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Bill Ford went on the offensive to combat the rumors that CEO Alan Mulally would leave Dearborn for Steve Ballmer's vacated position leading Microsoft, adding that even if the 68-year-old, former Boeing exec were to depart, the Ford executive team is in a good place.
"I'm happy [Mulally] is going to stick around. But we also feel really good about where we are in terms of succession," Ford told Bloomberg TV, according to Automotive News. Rumors first cropped up about Mulally leaving Ford when AllThingsD speculated that he was in the running, early last month. In that same report, which you can read here, Ford's board of directors reportedly okayed the CEO stepping down ahead of his planned retirement in 2014.
That opened the floodgates, culminating in a report from a few days ago that the rumors over Ballmer's successor just might be true. The story is especially troubling, as Ford hasn't had Mulally under contract, according to AN. "He's here as long as he and I would like it to happen," Ford said, "We're also cognizant of training the next generation and getting them ready to go as well."
Here's the thing about China: The folks buying cars there have a very different set of standards than shoppers in many other markets around the globe. While we all drool over hot metal with bold designs, and while we appreciate automakers going an extra step to inject even their cheapest offerings with aggressive and interesting cues, that sort of sheetmetal sex appeal doesn't always sell in the People's Republic. Case in point is Jaguar, which may be designing a more traditional-looking version of its XJ for the Chinese market, or more to the point of this story, Ford currently sells the less-exciting, last-generation Focus compact in China right alongside the new one.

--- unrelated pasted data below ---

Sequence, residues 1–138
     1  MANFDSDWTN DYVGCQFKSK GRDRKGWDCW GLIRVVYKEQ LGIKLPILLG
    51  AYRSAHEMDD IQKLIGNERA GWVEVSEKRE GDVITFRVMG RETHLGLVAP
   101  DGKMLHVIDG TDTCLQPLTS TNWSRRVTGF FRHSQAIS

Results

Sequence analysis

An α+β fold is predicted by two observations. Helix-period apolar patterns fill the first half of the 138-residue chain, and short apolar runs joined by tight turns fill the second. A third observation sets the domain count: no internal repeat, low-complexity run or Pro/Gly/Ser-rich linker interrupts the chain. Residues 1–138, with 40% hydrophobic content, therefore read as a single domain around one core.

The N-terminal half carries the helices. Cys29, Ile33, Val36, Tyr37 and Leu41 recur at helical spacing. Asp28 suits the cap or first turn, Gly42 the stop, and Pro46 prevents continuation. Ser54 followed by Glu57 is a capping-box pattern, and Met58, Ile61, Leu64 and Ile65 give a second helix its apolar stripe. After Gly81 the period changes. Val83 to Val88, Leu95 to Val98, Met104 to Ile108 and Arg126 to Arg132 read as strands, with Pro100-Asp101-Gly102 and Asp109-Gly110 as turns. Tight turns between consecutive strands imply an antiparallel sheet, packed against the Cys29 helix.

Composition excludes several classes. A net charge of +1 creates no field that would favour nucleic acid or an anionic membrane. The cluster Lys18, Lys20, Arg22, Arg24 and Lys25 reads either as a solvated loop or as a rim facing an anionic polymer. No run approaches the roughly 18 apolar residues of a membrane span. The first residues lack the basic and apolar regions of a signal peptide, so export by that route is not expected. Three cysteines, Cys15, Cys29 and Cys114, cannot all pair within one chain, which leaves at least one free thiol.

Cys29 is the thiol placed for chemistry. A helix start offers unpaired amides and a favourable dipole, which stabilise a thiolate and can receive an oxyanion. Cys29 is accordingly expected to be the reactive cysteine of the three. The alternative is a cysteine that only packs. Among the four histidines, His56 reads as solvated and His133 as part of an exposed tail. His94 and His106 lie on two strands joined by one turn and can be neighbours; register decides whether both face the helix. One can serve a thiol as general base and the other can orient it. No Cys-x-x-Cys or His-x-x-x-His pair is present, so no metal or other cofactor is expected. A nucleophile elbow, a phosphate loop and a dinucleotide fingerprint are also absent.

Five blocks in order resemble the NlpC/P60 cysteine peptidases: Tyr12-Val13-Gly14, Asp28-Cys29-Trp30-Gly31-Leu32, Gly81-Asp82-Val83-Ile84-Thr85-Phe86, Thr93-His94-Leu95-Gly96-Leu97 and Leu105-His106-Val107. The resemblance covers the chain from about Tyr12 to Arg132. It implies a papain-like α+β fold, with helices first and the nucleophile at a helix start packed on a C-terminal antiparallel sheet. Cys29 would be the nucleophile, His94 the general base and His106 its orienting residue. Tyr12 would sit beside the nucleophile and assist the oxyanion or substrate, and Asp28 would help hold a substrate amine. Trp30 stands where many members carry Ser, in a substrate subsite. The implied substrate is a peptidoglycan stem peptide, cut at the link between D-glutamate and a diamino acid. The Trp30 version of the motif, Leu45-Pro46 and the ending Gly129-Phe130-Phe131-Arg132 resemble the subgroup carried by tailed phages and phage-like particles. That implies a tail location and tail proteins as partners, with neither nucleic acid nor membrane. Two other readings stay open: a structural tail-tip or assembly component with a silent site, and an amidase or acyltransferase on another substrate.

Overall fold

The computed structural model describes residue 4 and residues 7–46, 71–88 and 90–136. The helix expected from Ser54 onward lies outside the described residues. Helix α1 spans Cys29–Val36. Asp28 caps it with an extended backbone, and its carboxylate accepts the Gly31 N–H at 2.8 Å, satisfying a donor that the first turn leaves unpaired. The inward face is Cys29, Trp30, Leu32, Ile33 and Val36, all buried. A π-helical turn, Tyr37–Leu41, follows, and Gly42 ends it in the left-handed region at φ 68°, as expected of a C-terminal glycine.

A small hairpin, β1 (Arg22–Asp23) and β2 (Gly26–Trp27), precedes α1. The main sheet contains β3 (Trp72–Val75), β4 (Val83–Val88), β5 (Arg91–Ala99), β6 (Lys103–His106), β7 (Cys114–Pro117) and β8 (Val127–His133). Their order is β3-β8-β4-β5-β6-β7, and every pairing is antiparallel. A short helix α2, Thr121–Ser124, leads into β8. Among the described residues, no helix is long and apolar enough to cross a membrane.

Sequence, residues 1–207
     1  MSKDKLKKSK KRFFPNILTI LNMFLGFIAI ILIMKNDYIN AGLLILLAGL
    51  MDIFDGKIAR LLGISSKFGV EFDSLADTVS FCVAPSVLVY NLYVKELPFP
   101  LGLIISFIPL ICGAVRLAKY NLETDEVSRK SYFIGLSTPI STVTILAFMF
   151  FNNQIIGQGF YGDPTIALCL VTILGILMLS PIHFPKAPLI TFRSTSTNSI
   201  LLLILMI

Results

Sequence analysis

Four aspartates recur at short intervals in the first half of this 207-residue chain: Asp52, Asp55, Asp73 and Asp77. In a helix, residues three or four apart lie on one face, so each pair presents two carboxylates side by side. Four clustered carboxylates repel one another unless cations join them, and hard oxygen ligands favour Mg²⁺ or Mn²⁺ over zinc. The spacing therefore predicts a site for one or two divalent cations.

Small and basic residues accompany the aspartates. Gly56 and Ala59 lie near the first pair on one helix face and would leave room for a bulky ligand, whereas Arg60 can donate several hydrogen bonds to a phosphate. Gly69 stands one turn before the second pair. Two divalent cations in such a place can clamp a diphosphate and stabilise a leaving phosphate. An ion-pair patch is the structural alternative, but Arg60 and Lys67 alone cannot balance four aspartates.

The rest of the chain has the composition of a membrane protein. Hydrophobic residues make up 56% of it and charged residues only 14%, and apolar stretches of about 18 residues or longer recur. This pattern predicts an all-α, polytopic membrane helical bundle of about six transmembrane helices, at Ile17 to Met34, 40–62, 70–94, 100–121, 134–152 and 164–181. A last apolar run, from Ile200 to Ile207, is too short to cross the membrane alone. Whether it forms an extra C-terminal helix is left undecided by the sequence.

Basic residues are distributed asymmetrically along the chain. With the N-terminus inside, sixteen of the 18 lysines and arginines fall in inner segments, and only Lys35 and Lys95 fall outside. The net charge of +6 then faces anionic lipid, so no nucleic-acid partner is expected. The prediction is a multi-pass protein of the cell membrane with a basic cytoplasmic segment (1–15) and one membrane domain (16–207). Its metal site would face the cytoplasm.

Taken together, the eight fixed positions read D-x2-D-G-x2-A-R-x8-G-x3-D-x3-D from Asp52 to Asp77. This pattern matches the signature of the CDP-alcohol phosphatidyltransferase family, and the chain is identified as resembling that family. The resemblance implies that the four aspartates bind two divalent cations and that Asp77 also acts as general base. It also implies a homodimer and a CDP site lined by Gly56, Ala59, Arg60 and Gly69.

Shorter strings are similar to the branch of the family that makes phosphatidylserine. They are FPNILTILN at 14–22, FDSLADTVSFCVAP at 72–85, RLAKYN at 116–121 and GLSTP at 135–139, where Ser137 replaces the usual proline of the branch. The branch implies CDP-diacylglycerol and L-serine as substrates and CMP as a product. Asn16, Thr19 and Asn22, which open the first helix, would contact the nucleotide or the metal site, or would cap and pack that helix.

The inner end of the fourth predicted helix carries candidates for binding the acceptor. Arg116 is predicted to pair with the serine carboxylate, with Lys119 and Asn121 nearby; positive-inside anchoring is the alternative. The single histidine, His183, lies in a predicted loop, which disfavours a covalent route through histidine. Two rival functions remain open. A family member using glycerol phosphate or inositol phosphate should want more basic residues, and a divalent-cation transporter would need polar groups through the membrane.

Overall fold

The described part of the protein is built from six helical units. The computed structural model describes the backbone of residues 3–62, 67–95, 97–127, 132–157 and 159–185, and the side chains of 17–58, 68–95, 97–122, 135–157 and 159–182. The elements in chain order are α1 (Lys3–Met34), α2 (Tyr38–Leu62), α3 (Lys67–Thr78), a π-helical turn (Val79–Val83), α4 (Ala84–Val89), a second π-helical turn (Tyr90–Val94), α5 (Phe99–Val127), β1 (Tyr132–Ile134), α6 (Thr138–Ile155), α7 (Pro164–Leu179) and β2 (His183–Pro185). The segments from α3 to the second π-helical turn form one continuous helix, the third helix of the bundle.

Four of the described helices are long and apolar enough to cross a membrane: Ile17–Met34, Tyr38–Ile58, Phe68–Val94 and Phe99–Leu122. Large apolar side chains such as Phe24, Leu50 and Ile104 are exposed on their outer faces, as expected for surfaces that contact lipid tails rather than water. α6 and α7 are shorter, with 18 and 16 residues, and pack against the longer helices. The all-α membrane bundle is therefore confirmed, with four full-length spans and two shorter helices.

So consider this new Shanghai-bound C-segment concept a preview of what's to come for that more traditional, budget-minded, less-sexy market. More proof of this pudding: Ford's even calling this concept the Escort - a nod to the Blue Oval's compact car days of yore, and a name that stirs up thoughts of basic, affordable transportation rather than great driving dynamics or bold design. "Customers in China described seeking a vehicle that is stylish - but not one that is arrogant or pretentious," Ford states. And this new Escort concept previews a possibility of providing exactly that for this rapidly expanding automotive market.
What you're looking at, then, is one of the most simple Ford designs we've seen of late, though it still incorporates all of the automaker's latest DNA. The signature hexagonal grille is front and center, flanked by attractive LED headlamps and chrome-rimmed foglamp housings. The entire car's design focuses on clean, smooth surfaces, with one strong character line flowing from front to back just below the beltline. We will say that the car looks decidedly more premium from the rear view, where narrow, horizontal taillamps with an LED accent give the car added visual width. Bland as it may be, it's a handsome little concept, though fear what would likely happen if all of the conceptual details get dumbed down for a production model.
On the surface, there's very little that the Ford Fiesta ST and Toyota GT86 (or the Scion FR-S that is sold in the US, or the largely similar Subaru BRZ) share in common. One is a hatchback with power coming from a turbocharged engine routed to the front wheels. The other is a coupe with power coming from a naturally aspirated four-cylinder boxer engine routed to the rear wheels.
Thing is, both of them are reasonably priced performance cars aimed at a similar segment of the automotive marketplace, so a comparison isn't out of the question. It is with all of this in mind that we direct you to the video below, in which the blokes from Evo pit the two manic little machines against one another on a race track. The result? Well, it can be summed up this way: Fast versus fun.
See how the track battle goes down in the video below.